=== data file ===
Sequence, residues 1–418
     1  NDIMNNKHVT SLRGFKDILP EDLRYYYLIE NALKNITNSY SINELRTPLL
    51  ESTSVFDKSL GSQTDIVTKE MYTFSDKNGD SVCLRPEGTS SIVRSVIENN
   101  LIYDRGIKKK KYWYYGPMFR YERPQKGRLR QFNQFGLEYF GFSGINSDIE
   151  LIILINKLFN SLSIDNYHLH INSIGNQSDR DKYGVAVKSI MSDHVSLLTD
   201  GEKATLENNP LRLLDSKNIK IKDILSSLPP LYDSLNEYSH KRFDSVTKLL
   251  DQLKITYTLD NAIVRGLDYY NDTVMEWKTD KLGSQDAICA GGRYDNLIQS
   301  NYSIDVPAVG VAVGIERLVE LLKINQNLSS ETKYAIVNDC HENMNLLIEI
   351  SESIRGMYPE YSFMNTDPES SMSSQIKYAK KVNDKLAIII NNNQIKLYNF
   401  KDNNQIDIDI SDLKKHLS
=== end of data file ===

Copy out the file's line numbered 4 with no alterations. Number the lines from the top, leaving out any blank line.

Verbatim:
   101  LIYDRGIKKK KYWYYGPMFR YERPQKGRLR QFNQFGLEYF GFSGINSDIE